When my father comes after me now I make him melt. That way I’m not so afraid. He still yells at me, but with his neck melting his voice warbles and I can’t understand what he’s saying. His melting arms are floppy, like rubber bands, so when he hits me it doesn’t hurt as much.
I didn’t know you could make things melt, but you can if you look at things the right way. I learned that at the library from a book of paintings by a man named Salvador Dali. He’s dead now, but the book had a photo of him, with wide, huge eyes that look like they’re shooting arrows at you. I bet he could see through anything. He put melting clocks in one of his paintings. One’s melting off a table, one’s melting off a tree branch, one’s melting over some horrible dead creature lying on the ground. I don’t know why he did that. Maybe he was afraid of time like I’m afraid of my father. I don’t like clocks either. When I look at a clock I know I’m only getting closer to the next bad thing that’s going to happen.
The next bad thing will happen when my father gets home from work. I threw a rock at the Simpsons’ dog taking a crap near our driveway. My father hates dog shit on the lawn. I missed the dog and broke the windshield of my mother’s car. My idea was smart, but my aim was terrible.
My mother called a taxi and disappeared. She goes off by herself a lot these days. My sister Lindy’s always with her friends. We used to watch movies together, the four of us, in the family room. We went to a rodeo once, and a circus. Now we all go everywhere alone.
If I try to talk to Lindy she says “Shut up. For godsake, don’t you have friends?” But I can’t invite other kids to our house. Mom or Dad or Lindy might start shouting. At school I don’t act smart or brag about anything, but three eighth-graders keep hitting me. I don’t know why they do that.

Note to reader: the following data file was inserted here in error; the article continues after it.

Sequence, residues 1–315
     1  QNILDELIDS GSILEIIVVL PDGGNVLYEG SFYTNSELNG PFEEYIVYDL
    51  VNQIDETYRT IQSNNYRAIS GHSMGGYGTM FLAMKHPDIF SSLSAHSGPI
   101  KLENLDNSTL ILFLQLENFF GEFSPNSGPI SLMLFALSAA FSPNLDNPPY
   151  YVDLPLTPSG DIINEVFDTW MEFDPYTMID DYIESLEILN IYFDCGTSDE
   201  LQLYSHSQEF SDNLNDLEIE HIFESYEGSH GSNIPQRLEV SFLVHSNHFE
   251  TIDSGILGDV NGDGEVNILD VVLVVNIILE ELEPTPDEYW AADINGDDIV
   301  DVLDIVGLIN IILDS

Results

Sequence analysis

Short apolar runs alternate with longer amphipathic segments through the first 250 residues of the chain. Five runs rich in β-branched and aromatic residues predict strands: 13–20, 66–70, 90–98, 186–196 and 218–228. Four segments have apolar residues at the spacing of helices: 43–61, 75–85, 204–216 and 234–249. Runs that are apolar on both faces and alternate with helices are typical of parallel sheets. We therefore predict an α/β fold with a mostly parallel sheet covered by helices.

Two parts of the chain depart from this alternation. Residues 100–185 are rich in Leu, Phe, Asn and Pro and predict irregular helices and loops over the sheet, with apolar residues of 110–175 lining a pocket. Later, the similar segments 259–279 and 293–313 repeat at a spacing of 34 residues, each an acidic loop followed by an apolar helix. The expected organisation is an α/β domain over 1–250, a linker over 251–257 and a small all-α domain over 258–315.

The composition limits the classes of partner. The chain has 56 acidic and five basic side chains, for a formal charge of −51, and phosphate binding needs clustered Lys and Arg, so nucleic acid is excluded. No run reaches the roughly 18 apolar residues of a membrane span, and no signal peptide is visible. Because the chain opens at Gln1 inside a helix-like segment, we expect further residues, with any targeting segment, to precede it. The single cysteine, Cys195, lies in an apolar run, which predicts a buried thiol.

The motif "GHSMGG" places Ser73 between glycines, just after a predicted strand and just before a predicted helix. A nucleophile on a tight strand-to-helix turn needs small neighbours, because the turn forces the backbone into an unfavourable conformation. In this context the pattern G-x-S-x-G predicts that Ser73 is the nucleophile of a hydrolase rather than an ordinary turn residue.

When Lindy’s home she shuts herself in her room, but I see through her door with my Salvador Dali eyes. She keeps her breasts on her dressing table. I want to go in and touch them, but she keeps them in a birdcage with a little padlock on it. There’s a man in there with her, too. He’s completely naked, all scrunched up in a big glass jar shaped like a missile. He keeps looking at her like he’s about to cry, but Lindy mostly ignores him. Sometimes she looks at him and laughs.
Mom’s sister, Aunt Sarah, came to visit last weekend. She brought her own special coffee. “Hawaiian,” she said. “Organic. I cannot drink that grocery store stuff.”
My father called her an idiot and told her she was “getting above herself.” That sounded crazy at first, but it’s not. In Dali’s paintings, elephants go above themselves. They walk up in the sky on super long spider legs. I want to go above myself and be a cloud. I won’t be soft, though. I’ll be thin and stretched out, a white shark cloud with wicked teeth. No one will ever hit me again.
Evening now. Cloudy and windy. From my bedroom window I see Mr. Simpson’s cornfield. In May, I helped him put up poles for four scarecrows, different sizes, to match my family. Mr. Simpson likes us, and he likes lots of scarecrows to keep crows and deer away. We each gave Mr. Simpson some old clothes for the scarecrows. It’s September now. We’ve been out there all summer, and we’ve fallen off our poles, all except my straw father. But he’s flapping around in the wind and sliding down his pole.
I hear rumbling. A thunderstorm’s coming, or my real father just pulled in. He always revs the car up loud before he turns it off. He’s probably already seen the broken windshield.
My straw father’s on the ground now, down with the rest of us. The wind blows harder, and we all start spinning away through the field, tumbling in different directions. We’re coming apart, losing our old jackets and pants and hats. Our straw’s being ripped out of us, too. It whirls up in the air and blows away, the precious straw scarecrows are made of.